Have you noticed that dynamic SQL is more popular today than ever before? There are a number of factors contributing to the success of dynamic SQL. Commercial off-the-shelf applications, such as SAP, Siebel, and PeopleSoft, utilize dynamic SQL exclusively. In many cases, too, dynamic SQL is the default choice for in-house application development. Development of Java applications using an IDE that interacts with JDBC can be simpler for programmers than building static applications from scratch. And, applications that use JDBC and ODBC will result in dynamic SQL. Furthermore, dynamic SQL is prevalent in most web-based development projects.
This trend to embrace dynamic SQL is in stark contrast to the mind-set of a decade or so ago when the prevailing rule was to avoid dynamic SQL at all costs, especially on the mainframe. Back then, dynamic SQL in a DB2 environment meant COBOL programs with embedded dynamic SQL, which was not simple to code. So DBA groups created rules about avoiding dynamic SQL, and usually for good reason. Dynamic SQL was unpredictable because it was built "on-the-fly" in the program, and it was more difficult to monitor and tune because dynamic SQL is optimized at runtime, instead of beforehand during the bind process.
Even today, the performance of dynamic SQL is a widely debated topic. But most of the past concerns can be relegated to the dustbin of history. Significant performance improvements coupled with new options have contributed to the minimization of differences between static and dynamic SQL over time.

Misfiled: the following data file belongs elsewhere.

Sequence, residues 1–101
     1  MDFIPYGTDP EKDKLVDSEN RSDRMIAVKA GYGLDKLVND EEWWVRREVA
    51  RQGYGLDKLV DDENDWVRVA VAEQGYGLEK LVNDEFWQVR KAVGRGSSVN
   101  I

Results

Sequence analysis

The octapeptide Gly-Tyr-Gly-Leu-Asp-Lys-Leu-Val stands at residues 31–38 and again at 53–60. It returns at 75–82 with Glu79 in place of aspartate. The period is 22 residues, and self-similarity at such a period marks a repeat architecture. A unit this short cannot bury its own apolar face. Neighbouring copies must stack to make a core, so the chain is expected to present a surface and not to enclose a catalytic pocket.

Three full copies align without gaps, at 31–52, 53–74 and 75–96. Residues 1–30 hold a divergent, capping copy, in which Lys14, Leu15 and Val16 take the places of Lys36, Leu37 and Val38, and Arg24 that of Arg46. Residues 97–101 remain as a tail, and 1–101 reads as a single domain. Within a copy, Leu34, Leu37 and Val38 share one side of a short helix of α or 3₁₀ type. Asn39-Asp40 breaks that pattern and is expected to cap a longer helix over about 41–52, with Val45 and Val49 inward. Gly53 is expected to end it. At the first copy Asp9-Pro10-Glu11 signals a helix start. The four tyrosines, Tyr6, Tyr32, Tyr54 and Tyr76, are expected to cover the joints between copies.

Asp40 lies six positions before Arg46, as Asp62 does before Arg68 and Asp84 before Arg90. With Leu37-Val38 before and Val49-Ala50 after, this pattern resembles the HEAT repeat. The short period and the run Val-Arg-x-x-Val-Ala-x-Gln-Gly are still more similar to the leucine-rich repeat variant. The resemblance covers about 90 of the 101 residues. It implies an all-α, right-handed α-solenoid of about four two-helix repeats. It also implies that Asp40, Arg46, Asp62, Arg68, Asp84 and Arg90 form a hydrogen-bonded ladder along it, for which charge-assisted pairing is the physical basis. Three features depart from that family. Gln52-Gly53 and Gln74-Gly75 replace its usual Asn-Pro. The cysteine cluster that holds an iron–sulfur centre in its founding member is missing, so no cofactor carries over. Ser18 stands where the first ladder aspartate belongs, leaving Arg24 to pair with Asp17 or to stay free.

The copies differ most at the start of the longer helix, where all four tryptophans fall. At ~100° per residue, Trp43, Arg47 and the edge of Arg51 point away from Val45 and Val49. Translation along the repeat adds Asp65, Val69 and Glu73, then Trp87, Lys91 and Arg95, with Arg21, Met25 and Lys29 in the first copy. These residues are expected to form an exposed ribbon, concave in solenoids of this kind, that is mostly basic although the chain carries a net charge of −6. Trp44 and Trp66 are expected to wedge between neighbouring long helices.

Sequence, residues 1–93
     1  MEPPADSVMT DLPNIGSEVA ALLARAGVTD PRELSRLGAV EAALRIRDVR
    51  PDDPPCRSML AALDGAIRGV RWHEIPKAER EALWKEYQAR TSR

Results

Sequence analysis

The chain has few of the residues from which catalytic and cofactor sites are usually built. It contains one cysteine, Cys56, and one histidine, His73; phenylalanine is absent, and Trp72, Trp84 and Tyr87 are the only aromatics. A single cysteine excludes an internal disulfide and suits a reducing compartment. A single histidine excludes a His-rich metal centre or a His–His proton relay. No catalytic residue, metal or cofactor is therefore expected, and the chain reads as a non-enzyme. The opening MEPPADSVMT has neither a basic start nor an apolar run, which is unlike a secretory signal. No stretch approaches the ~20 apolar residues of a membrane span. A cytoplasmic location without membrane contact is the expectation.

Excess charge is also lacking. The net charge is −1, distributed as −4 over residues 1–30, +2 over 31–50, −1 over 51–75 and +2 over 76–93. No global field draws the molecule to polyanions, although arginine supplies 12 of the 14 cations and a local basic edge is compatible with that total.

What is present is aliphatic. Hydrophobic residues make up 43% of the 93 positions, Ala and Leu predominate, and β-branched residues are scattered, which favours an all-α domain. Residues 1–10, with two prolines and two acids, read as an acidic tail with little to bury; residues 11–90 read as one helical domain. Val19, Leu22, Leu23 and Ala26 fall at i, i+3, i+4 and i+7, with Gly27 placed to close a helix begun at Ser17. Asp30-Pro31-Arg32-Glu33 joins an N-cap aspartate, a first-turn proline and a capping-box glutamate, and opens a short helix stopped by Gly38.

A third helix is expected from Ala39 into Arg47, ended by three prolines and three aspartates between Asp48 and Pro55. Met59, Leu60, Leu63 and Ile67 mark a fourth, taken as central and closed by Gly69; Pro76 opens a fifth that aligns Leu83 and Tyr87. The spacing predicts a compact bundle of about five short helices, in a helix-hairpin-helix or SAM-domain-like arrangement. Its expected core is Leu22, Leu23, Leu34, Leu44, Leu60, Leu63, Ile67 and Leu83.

Turning things upside down, dynamic SQL can even offer advantages over static SQL when it is used appropriately. With dynamic SQL, access paths are not predetermined at BIND-time so the DBMS can use the most up-to-date statistics to build more optimal query execution plans. And for queries with predicates written on columns having nonuniformly distributed data, the host variable values can be factored into the access path. This can result in performance improvements over static SQL, which typically has no knowledge of the host variable values.
Dynamic statement caching (DSC) removes yet another impediment to dynamic SQL performance. With DSC, DB2 for z/OS saves prepared dynamic statements in a cache. After a dynamic SQL statement has been prepared and saved in the cache, subsequent prepare requests for that same SQL statement can avoid the costly preparation process by reusing the statement from the cache.
Of course, there are disadvantages to dynamic SQL, too. Whenever dynamic SQL statements are prepared and not cached, total statement execution time increases. This is so because the time to prepare the dynamic statement must be added to the overall execution time. And, keep in mind, in order for the dynamic prepare to be reused, the dynamic SQL statement has to be exactly the same as the one that caused the prepared statement to be cached.
From the perspective of performance monitoring and tuning, dynamic SQL still can be more difficult to manage. For static SQL, the statement text is available in the system catalog, and the access path information is available in the associated plan tables after binding with the EXPLAIN(YES). There is no PLAN_TABLE that contains the access paths for dynamic SQL, nor is the SQL available in the system catalog. For this reason some DBAs view dynamic SQL as a performance black hole. Of course, there are tools that allow you to shine a light into this darkness by capturing dynamic statements and explaining them. Error detection can also be problematic because dynamic SQL is only compiled at runtime, so errors in the SQL statement may not be detected until it is run. And, of course, authorization and security can be more burdensome for dynamic SQL applications. For example, using dynamic SQL puts more responsibility on programmers to avoid security exposures, such as SQL injection attacks.
But the bottom line is that dynamic SQL is a viable option for application development in the 21st century. It is wise to avoid stringent rules that prohibit its use in your shop.